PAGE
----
Age of Empires has been the staple of the RTS genre for decades. It is followed closely by Starcraft and the Command & Conquer series. Ever since, AOE came out in 1997 and garnered a fanbase that could not be erased by time. Over the last several years, developer Forgotten Empires was tasked with creating definitive editions for the 3 games made by Ensemble Studios. However, something was different with the release of the new AOE3 Definitive Edition this year.
In an unprecedented move, FE decided to effectuate what can only be described as a minimum effort PR stunt. To understand the context, we first must understand some concepts from AOE3.
Unlike previous games in the series, AOE3 gained its uniqueness from a mechanic that cannot be found in any other RTS game. This is known as the home city. Each civilization has one, and it is your base of operations from your homeland. They act to give you reinforcements and benefits as you progress not only through a match, but through multiple playthroughs. They serve as a means of progression so that every match feels like you’re continuing towards an end goal. This will be important for later.
The base game came with 8 European civilizations. Its first expansion, the Warchiefs, came out almost a year later to the day of the base game. It featured 3 Native American civilizations. A year later, 3 more civilizations were added via the Asian Dynasties expansion. Furthermore, there are 22 “minor” civilizations within the game. They’re mostly Native American or Asian, that you can ally with in certain circumstances for benefits and reinforcements. Its similar to the home city as a game mechanic but more focused on your specific match.
For the definitive edition, FE took it upon themselves to correct “stereotypes and inaccurate representation” within the game. This would be fine by itself. But the absolute bare minimum effort that was put into this policy is what makes it clear to be no more than than a marketing ploy. The game was now up to 16 official civilizations. With 2 new ones introduced in the DE, there are plenty of stereotypes and inaccuracies to go around. However, FE only decided they would correct 2 of them. They changed the name of the Sioux civilization to Lakota, and the Iroquois Confederacy to the Haudenosaunee. Why? To provide “Authentic and Respectful representation” and call them how they would have called themselves during the era. They also renamed a native american building, the Fire Pit, to the Community Plaza. And that’s entirely it.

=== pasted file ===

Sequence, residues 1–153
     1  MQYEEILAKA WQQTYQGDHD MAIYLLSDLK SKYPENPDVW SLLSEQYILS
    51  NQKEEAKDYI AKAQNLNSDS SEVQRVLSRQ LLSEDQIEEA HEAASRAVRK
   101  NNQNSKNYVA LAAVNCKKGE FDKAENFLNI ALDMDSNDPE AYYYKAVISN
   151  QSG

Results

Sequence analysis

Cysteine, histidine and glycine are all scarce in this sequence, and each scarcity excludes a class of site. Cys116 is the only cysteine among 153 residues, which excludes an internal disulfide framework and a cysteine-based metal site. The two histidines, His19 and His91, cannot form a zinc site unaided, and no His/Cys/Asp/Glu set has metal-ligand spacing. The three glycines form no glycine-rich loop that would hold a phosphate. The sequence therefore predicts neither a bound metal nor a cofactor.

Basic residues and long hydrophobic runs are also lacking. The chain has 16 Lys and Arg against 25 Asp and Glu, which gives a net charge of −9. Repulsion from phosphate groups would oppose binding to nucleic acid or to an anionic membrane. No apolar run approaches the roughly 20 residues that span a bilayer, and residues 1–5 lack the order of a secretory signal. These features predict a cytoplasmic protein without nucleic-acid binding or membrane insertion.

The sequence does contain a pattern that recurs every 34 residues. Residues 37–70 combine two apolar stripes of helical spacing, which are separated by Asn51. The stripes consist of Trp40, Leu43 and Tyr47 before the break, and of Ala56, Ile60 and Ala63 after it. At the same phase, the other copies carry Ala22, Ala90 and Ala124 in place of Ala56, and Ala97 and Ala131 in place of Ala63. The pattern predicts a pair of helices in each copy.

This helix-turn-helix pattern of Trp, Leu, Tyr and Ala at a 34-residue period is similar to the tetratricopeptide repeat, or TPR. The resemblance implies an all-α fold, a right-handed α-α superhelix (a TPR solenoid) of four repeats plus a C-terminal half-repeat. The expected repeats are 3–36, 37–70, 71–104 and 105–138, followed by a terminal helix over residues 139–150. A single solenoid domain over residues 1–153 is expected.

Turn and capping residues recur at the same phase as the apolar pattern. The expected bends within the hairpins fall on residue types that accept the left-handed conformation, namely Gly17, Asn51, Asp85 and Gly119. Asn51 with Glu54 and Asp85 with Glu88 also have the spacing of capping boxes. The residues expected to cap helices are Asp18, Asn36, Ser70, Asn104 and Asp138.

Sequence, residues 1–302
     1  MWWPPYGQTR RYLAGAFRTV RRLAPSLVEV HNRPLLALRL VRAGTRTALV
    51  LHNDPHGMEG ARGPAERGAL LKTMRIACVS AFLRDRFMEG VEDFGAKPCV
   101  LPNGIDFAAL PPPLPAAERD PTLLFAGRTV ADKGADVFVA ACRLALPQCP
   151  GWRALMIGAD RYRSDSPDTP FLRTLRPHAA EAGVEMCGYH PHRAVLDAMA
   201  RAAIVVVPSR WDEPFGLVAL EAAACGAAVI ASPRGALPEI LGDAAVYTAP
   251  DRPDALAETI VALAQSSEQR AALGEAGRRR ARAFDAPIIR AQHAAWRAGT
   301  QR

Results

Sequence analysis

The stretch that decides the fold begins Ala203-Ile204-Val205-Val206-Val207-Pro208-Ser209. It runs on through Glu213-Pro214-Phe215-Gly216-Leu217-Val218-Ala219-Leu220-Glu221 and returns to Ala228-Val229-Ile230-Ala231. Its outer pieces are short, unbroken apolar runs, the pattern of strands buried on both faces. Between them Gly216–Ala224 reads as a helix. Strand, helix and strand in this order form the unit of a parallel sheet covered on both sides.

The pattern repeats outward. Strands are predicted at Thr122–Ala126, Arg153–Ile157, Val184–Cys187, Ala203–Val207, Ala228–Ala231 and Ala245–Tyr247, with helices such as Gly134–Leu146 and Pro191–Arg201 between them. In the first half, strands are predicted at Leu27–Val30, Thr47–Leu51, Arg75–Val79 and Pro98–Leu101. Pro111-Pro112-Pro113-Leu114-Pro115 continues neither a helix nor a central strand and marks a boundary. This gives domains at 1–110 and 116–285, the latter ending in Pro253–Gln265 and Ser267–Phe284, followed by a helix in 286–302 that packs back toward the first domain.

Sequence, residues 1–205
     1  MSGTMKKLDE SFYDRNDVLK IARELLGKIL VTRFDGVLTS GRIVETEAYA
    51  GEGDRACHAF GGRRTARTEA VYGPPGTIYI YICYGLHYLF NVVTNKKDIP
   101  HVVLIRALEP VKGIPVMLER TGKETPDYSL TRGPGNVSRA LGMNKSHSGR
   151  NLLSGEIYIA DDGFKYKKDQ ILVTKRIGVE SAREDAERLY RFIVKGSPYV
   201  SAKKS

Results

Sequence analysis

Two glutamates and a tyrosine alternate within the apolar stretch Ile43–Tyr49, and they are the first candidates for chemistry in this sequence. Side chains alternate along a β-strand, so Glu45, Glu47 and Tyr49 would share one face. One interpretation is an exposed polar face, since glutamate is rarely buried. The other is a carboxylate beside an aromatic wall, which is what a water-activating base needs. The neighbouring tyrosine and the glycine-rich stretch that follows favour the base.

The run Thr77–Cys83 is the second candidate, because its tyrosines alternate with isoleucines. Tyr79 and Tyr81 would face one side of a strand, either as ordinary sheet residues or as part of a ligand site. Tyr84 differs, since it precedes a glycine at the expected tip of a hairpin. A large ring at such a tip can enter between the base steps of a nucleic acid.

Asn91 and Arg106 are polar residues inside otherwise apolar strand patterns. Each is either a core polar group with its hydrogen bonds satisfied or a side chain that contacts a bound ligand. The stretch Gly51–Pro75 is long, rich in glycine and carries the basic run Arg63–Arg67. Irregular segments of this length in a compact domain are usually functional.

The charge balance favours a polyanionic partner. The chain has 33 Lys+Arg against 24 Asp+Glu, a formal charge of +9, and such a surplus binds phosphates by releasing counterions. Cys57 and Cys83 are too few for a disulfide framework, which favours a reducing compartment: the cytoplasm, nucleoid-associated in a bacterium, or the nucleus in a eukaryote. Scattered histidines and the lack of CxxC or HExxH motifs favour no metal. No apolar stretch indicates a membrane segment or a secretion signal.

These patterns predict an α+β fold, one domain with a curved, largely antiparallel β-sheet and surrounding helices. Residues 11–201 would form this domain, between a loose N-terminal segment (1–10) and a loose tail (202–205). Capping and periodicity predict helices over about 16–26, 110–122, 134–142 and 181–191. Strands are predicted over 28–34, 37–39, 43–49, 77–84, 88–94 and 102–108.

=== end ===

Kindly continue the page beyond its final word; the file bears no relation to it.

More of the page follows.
Beyond that, the lack of effort is instantly apparent. One of the 9 campaigns within the game is entirely about the Iroquois Confederacy during the Seven Year War. They couldn’t even be bothered to change the voicelines from Iroquois to Haudenosaunee. So, there are still plenty of instances you’ll hear the “incorrect and unauthentic” original voicelines.
The same happens with the Sioux, though they don’t have their own campaign. They only show up in select missions during the Knights of Saint John campaign. They couldn’t even get the only two civilizations they changed right. Let alone the glaring disparities in all the other civilizations. For example, the Dutch would have called themselves Nederlanders during this time period, but that was overlooked. They’re also stereotyped in game as being good with money. One of their civilization bonuses is the unique ability to build banks. The worst offenders are by far the Asian civilizations. They are filled with stereotypes but didn’t get the PR stunt treatment. Why? Because Asia wasn’t the focus market for the game to be sold in.
If they wanted to bring more representation to the game? They could have easily done this via the previously mentioned Home Cities. All 8 European home cities had a high degree of customization that you unlocked as you leveled up with that civilization. However, the 3 Warchiefs civs, the 3 Asian Dynasty civs, and the 2 newly released DE civs do not have any customization whatsoever. This puts them at a severe imbalance with the original civs. Being able to customize your native tribe should be the bare minimum in helping with representation. As it stands there is a huge discrepancy between even the Swedish home city and the other Europeans who were introduced in the base game.